“It’s about learn­ing the im­por­tant things in life, y’know?” White says, a lit­tle mor­ti­fied that the ageold tru­ism might ap­ply here. “How the peo­ple that are right in front of you are the mea­sure of your suc­cess more than some of these other, ex­ter­nal things that we put pri­or­ity on. I think every­body learns that, but you have to keep re­learn­ing it in your life, over and over again. That ac­tu­ally hap­pens in the movie, where Brad will have the epiphany of, like, oh this is what’s re­ally im­por­tant, then two min­utes later he doesn’t get the right table at the restau­rant and he’s trig­gered again.

“I think it’s un­real that you have an epiphany and, sud­denly, you’re just blissed­out for the rest of your life. Anx­i­ety creeps in, and that’s hu­man. Ba­si­cally, the hope is that you’re just sort of cir­cling the drain of wis­dom with each pass­ing ex­pe­ri­ence. You may never get all the way there, but you creep closer and closer.”

Well-writ­ten as all of this is, Brad still comes off as prob­a­bly the most un­con­sciously ob­nox­ious char­ac­ter Stiller has played in a fil­mog­ra­phy filled with those guys. Not a prob­lem for White, who since his break­out screen­play for “Chuck & Buck” in 2000 has spe­cial­ized in find­ing the hu­man­ity in dis­con­cert­ingly dis­lik­able char­ac­ters. Stiller isn’t on the same spec­trum as beloved comics who have also got­ten the White treat­ment, such as Jen­nifer Anis­ton (“The Good Girl”), Jack Black (“School of Rock”) and Molly Shan­non (“Year of the Dog”). But the di­rec­tor feels he’s given the angsty ac­tor a some­what sim­i­lar im­age ad­just­ment.

“The truth is, I’ve writ­ten a lot of movies from a fe­male point of view, and I write a lot of char­ac­ters that do have an un­lik­able side — at least, that’s the re­ac­tions I get,” White points out. “I did this show with Laura Dern and, at least for the first sea­son, peo­ple were like, oh my God, she makes me want to pull my hair out. So I wasn’t afraid to make Brad kind of navel-gaz­ing and in his own head, but I think that’s true to life for a lot of peo­ple.”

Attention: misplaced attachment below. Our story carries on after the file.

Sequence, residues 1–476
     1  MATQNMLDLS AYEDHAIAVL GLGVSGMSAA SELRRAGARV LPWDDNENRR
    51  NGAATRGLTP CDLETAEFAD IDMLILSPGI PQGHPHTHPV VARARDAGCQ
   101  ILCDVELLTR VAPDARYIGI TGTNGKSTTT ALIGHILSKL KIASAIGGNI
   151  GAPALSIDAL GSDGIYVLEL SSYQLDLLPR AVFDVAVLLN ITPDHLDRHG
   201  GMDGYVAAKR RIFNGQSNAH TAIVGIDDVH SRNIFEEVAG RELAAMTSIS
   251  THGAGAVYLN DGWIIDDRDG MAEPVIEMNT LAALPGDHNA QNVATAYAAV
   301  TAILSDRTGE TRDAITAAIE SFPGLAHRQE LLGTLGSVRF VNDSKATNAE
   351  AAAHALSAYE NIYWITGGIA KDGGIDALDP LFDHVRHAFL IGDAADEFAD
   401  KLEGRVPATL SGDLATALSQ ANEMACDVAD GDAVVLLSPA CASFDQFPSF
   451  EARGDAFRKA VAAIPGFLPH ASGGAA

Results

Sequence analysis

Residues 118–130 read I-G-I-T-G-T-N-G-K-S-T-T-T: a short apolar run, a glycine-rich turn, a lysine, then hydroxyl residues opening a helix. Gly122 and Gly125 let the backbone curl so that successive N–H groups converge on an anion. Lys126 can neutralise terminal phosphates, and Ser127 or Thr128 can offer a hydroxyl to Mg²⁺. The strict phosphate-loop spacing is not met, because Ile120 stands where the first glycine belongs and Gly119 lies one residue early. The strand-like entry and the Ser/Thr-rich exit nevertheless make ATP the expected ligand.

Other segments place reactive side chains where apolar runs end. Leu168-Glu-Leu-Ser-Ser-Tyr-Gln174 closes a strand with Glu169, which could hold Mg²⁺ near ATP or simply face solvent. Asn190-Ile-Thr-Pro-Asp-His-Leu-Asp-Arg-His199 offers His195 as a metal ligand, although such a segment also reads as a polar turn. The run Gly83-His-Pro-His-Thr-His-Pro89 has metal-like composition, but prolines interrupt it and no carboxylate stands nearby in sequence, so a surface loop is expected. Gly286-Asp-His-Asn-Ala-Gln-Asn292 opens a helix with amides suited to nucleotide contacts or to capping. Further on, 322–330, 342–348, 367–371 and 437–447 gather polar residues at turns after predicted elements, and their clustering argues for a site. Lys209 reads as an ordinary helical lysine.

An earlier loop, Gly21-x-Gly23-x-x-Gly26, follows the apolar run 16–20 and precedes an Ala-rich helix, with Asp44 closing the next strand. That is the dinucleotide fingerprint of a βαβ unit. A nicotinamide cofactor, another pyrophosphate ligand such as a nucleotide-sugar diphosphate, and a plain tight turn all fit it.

Brad is the liv­ing em­bod­i­ment of Straight White Guy prob­lems, and at a point in the movie when even the most SWGs in the au­di­ence can’t take any more of his whin­ing, White shrewdly lets Brad have it right be­tween the eyes from a young woman of color. That ex­em­pli­fies his com­plex view of the whole sub­genre “Brad’s Sta­tus” fits into while try­ing to sub­vert.

“There are a lot of these, what I think some critic called ‘west of the 405,’ come­dies of peo­ple who live in these great houses and are rich and what­ever their prob­lems are, they feel so rar­efied,” White notes. “I re­ally want to pull my eyes out at those movies some­times, be­cause what they’re prof­fer­ing is a cer­tain at­ti­tude that this is re­lat­able to ev­ery per­son — and it’s so not. At the same time, there’s this other trend that a straight white guy, al­most by the na­ture of their iden­tity, doesn’t have prob­lems, or that their prob­lems are not worth de­pict­ing at this point in time.

“The trick is, peo­ple who have enough still have this anx­i­ety and ex­is­ten­tial angst, and it’s real. I think that’s fair, and I also think the re­sponse of ‘Just don’t ask me to feel sorry for you’ is fair, too. Mak­ing that con­ver­sa­tion part of the movie felt nec­es­sary. At the same time, I didn’t want to just do the sar­donic satire of Brad. I also felt like it was worth some com­pas­sion while be­ing hon­est about his lack of per­spec­tive.”